Posted by Yvonne on 15.12.2011


Last May ID/Lab crew attended a lecture called “Cities for People” by the famous urban planner Jan Gehl. Gehl mentioned that in the early days cities were all about people who moved around by feet. The square was a beautiful meeting place where everything was happening for our eyes to see.

 

Then between 1955-1960 the invasion of the motorcar started. Urban town planners started making room for motorised traffic, making the cars happy and people were treated as arbitrary. The urban scene changed from a 5 km p/hr zone to a 60 km p/hr zone.

Architecture started to change and the urban face transformed to large spaces, huge signals, no details and no more focus on people!

 

Another shift took place in the sixties where the city limits started expanding and rapid growth took priority. The people scaled city transformed into a city planned one and from there into a site planned city.

No one was looking at eye level scale anymore and this hasn’t much changed in the last 50 years. Then another phenomenon took place, the Brasilia Syndrome: City planning from an aerial view. Looks great from the sky but not so at people scale which gets completely neglected. Jan used the term bird shit architecture and took Dubai as example…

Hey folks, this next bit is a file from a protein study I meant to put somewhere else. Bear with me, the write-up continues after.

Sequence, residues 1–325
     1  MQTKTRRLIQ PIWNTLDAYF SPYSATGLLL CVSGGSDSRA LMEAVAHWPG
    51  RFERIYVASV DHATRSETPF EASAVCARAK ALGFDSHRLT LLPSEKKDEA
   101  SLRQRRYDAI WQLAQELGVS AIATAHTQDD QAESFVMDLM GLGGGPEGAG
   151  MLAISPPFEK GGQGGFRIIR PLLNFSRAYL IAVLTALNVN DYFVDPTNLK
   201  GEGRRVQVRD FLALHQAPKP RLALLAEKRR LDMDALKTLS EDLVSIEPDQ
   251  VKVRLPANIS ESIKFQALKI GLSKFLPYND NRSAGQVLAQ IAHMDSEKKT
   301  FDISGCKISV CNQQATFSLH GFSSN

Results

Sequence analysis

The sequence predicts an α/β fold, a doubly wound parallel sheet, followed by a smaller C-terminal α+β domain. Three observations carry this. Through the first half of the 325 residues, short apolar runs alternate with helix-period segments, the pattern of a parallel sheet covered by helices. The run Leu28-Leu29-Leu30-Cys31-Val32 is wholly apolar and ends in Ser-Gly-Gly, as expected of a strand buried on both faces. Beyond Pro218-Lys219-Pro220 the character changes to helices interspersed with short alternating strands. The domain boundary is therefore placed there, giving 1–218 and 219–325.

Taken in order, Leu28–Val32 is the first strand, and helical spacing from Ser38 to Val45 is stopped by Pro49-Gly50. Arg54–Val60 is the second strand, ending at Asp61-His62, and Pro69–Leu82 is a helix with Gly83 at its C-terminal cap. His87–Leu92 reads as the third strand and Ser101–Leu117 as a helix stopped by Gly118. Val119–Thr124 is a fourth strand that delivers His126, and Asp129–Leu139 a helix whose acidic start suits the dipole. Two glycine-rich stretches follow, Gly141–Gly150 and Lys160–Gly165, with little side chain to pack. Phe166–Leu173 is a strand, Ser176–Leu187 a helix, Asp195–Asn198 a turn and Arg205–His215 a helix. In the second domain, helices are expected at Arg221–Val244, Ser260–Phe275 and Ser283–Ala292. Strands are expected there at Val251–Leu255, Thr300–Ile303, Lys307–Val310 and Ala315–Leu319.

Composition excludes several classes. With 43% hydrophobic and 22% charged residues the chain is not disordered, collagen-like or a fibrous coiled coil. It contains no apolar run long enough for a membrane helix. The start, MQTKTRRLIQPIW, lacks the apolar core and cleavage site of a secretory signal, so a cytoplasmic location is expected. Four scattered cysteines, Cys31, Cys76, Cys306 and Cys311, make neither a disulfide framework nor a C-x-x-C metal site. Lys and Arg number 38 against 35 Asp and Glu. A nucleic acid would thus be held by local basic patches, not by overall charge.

Architects enjoyed the freestanding form but it was not designed for people scale at all. People often feel lost in such an environment. People like to spend time in a human scale environment. It seems the architects got their scale confused as interaction between form & life has been mostly ignored. People who are put in design examples by Architects always seems to be very happy and content with their surroundings, but are they? A good public realm is very important. People scaled cities provide protection, comfort and enjoyment. People shape the city/buildings and then they shape us.

 

Some solutions to create great urban spaces are to scale down our cities, create aesthetic quality and positive experiences like possibilities for walking and sitting, protection from wind and draft, noise, protection of crime & traffic accidents by creating street life and areas free from cars. At ID/Lab we use similar paradigms on the urban projects we are working on.

 

At the moment we are involved with a couple of residential developers who want to encourage their clients to walk and cycle more on the new estate; what can we add/remove in the urban fabric to make this happen?